More than nine out of ten queer women in the UK believe the media portray them in a negative light.
A new study from media agency UM surveyed 500 women through the dating app Her.
92% believe they are negatively stereotyped in the media and popular culture. In addition, 86% believe queer women still don’t have enough visibility in public life and culture and 92% believe there is prejudice against them in society generally.
When it comes to media representation, the biggest culprits for creating and maintaining these negative stereotypes were movies (51%), TV programmes (50%) and celebrity culture (40%).
What are the biggest clichés when portraying queer women?
According to 82% of non-straight women, the most common media stereotypes are that ‘in every queer couple, one has to be the man’.
Moreover, 75% think ‘they always have short hair’ and 74% that ‘they are ‘butch and manly’. But other stereotypes also exist, such as ‘they are man-haters’ (63%) and ‘they have had a bad experience with a man that made them queer’ (57%).
Research also found that queer women would most like to see greater visibility of their community on TV (85%), in movies and in the government (both 81%).
Furthermore, eight out of ten queer women believe they might have come out sooner if brands had shown people like them in ads when they were growing up.
‘This isn’t news!’
‘Hold the front page. Queer women feel underrepresented, stereotyped and prejudiced in the media. This is not new news! You only have to see Orange is the New Black and Wentworth as the main UK TV series to see we are not well-portrayed… oh hang on, don’t forget Killing Eve, a bisexual serial killer,’ Naomi Bennett said.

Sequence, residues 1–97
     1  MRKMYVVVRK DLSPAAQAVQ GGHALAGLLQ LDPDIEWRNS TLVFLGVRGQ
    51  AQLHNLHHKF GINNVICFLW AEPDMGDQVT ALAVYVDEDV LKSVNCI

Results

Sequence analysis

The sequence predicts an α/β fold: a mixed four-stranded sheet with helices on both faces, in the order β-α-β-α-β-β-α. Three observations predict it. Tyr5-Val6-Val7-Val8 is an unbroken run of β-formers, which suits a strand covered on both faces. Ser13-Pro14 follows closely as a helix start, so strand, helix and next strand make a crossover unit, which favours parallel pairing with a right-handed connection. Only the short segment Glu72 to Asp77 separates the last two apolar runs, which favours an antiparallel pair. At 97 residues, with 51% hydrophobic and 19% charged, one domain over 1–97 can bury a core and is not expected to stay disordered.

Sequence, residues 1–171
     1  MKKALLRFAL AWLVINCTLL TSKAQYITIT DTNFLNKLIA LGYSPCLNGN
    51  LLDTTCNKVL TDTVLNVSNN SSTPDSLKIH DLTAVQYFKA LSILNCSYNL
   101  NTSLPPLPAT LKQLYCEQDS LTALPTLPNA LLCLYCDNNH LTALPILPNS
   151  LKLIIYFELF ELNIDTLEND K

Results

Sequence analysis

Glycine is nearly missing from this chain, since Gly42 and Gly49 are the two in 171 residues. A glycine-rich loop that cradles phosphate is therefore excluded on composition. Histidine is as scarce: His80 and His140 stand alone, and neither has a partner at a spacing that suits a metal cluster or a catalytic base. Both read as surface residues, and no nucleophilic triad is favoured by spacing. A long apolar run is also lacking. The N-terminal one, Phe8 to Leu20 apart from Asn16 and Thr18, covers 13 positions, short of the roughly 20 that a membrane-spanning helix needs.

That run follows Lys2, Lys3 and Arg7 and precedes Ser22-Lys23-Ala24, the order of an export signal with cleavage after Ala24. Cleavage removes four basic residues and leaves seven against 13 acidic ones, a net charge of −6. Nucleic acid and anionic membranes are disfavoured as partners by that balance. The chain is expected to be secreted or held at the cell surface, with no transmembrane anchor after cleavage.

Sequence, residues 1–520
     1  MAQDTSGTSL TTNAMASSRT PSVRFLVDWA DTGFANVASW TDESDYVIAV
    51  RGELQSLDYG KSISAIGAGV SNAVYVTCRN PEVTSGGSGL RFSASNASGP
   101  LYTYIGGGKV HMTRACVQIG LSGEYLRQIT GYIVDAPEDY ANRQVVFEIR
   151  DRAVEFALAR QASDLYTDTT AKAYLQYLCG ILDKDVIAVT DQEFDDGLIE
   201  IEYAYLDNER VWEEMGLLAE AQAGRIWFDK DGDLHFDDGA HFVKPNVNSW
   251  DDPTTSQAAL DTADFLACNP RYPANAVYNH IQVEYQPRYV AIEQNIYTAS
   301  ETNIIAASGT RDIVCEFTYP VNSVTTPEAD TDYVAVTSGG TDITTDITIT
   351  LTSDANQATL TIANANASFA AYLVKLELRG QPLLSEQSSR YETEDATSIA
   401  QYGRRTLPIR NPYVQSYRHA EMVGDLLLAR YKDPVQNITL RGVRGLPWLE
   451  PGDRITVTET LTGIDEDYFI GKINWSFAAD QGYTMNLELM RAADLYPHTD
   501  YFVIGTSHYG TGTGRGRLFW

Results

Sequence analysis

Bennett is the founder of LesFlicks, a UK website aiming to make it easier for lesbian and bisexual women seeking out more content featuring stories they can actually relate to.
‘The only saving grace recently is Booksmart. If you haven’t been to the cinema and seen it recently, get a ticket today as it is one of the few things recently that shows us queer women as successful, clever, articulate, happy and just, well another woman,’ Bennett also continued.
‘Gentleman Jack is also giving us a role model in showing how we need to take our space and not wait to be given a seat at the table. It is somewhat sad that so many queer women are watching this programme and identifying so strongly – have we really moved on so little?’
Misogyny in the LGBTI community
The study also found that many of them agree there is misogyny in and out the LGBTI community.
An overwhelming 91% think that a misogynistic attitude targets queer women especially, while 79% maintain there is misogyny in the LGBTI community.
The study also highlighted that 86% of queer women believe queer men have more public visibility than they do. Moreover, 83% think society tries to ‘sweep queer women under the rug’.
Stigma around the L word
One in five queer women wouldn’t use the word ‘lesbian’ to refer to themselves.
More than 60% of respondents believe it is a loaded word that brings to mind stereotypes.
For five women in ten, the word feels negative and stigmatized.
‘There is absolutely an unconscious bias towards the word lesbian, I see it regularly – can you blame us? Women have a double glass ceiling?’ also said Bennett.
‘Lesbians are women so we get that, plus the sexualization by men, the potential double glass ceiling that was identified by Stonewall. We are great at supporting small independent businesses like coffee shops but we don’t necessarily champion other lesbian businesses. Why is that?’
‘I’m creating a space on Planet Nation to promote businesses owned and run by LBQ women so that we can start to support each other more and build visibility and a network.’
Bennett also said that building a community is crucial.
‘We are connected by our love of women, and if we work together and support each other, we can create our own visibility and representation… and perhaps that is better off in our own space because we won’t have to deal with the sexualisation, the perception of what we should or shouldn’t look like.’